Prof. Butterfield has granted permission to distribute the image in panel A under the terms of a Creative Commons Attribution license [https://creativecommons.org/licenses/by/4.0/]; further reproduction of this image should adhere to the terms of the CC BY 4.0 license with an attribution to Prof. Butterfield.

Appendix 1—figure 1
Evolution of resource sharing.

(A) Initially, individuals do not share resources; however, they may evolve to do so via random mutations. Here, the mean specialization of the fittest of 100 groups each with 10 cells after 100,000 steps is plotted as a function of specialization power. Error bars are standard deviations across 10 replicates. Blue is the fully connected network, red is the neighbor network, and green is the balanced bipartite topology. (B-D) The final distribution of specialization values for individual cells in fully connected (B), nearest-neighbor (C), and balanced bipartite topologies (D). The color of cells in B-D represents their degree of specialization, as indicated in the scale bar.

Appendix 1—figure 2
Effect of sharing two resources.

When two resources are shared to different degrees, specified by (β1,β2), specialization is sometimes favored under conditions of sublinear returns on investment α*<1.0. Interestingly, specialization is favored when one resource is shared liberally while the other resource is shared sparingly (though it is not necessary to have one resource remain totally unshared).

Appendix 1—figure 3
Rings with odd numbers of cells are frustrated.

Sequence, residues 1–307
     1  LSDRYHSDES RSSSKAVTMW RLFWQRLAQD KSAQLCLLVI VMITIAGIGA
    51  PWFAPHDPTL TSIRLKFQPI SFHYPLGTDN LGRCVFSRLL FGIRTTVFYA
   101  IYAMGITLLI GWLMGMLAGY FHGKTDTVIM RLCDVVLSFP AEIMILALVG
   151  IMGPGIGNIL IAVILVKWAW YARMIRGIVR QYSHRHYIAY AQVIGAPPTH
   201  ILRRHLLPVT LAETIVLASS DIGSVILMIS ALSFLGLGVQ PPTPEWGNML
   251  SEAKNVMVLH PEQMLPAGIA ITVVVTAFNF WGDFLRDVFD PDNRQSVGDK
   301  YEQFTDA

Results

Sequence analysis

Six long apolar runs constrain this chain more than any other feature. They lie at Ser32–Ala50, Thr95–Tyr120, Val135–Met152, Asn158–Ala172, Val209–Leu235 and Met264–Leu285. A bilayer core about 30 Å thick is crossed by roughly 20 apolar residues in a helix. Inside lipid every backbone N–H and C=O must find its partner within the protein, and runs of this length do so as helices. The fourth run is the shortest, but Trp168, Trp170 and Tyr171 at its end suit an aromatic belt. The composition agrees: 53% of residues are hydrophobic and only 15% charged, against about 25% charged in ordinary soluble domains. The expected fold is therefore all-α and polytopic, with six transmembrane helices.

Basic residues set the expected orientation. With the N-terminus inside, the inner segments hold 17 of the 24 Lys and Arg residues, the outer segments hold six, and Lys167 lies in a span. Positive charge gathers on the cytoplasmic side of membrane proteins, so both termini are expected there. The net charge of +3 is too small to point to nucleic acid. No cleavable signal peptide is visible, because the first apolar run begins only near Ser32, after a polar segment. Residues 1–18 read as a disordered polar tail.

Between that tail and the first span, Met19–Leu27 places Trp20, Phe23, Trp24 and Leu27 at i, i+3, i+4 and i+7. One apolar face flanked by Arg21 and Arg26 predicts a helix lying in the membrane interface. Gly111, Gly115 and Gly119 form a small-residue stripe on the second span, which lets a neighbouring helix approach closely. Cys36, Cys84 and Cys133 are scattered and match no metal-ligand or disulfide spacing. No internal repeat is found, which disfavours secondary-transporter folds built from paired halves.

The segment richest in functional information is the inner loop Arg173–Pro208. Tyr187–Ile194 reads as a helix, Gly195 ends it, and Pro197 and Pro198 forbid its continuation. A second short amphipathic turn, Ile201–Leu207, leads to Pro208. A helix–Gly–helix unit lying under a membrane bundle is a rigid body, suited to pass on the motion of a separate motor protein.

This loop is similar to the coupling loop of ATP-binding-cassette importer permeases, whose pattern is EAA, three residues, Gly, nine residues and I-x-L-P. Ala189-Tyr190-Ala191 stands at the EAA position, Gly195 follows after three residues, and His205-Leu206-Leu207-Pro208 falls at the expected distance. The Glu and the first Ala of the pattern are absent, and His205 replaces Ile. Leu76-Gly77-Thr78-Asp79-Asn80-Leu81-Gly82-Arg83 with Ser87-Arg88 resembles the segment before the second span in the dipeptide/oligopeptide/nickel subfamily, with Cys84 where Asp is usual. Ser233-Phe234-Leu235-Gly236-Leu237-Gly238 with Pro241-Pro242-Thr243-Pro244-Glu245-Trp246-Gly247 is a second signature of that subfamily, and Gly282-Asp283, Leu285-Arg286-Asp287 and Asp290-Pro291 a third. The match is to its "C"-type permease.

α* plotted versus the number of cells in the ring, for rings with even and odd numbers of cells.

Author response image 1
Author response image 2
Cartoon image generalists (a) and specialists (b) in a five cell star graph topology.

Wright-Fisher simulations of five cell star topologies for a range of 𝛼 and 𝛽 values.

Author response image 3
Author response image 4
Author response image 5
Author response image 6
Author response image 7
Evolution of resource sharing.

(a) Initially, individuals do not share resources; however, they may evolve to do so via random mutations. Here, the mean specialization of the fittest of 100 groups each with 10 cells after 100,000 steps is plotted as a function of specialization power. Error bars are standard deviations across 10 replicates. Blue is the fully connected network, red is the neighbor network, and green is the balanced bipartite topology. (b-d) The final distribution of specialization values for individual cells in fully connected (b), nearest-neighbor (c), and balanced bipartite topologies (d). The color of cells in b-d represents their degree of specialization, as indicated in the scale bar.

Tables

Appendix 1—table 1
Largest eigenvalue of the Hessian evaluated at the generalist critical point as a function of α, β, and N for three topologies.

When the group size N=4, the balanced bipartite graph coincides with the neighbor graph, and indeed the eigenvalues agree. Similarly, when N=2 the balanced bipartite graph coincides with the complete graph and the eigenvalues agree. The interesting domain of αβ is (0,1], so for the complete graph 𝐇* is always negative definite. However, the balanced bipartite and neighbor graphs show regions where the generalist strategy is not stable.

TopologyLargest eigenvalue
neighbor graphα(12)2α-3(-1+43αβ)
balanced bipartite graphα(12)2α-3(-1+2NN+2αβ)
complete graphα(12)2α-3(-1+αβ)

Data availability

All evolutionary simulations and other computations associated with this work are available at https://github.com/dyanni3/topologicalConstraintsSpecialization (copy archived at https://github.com/elifesciences-publications/topologicalConstraintsSpecialization); all parameters used in the current study are specified so all simulations can be repeated exactly.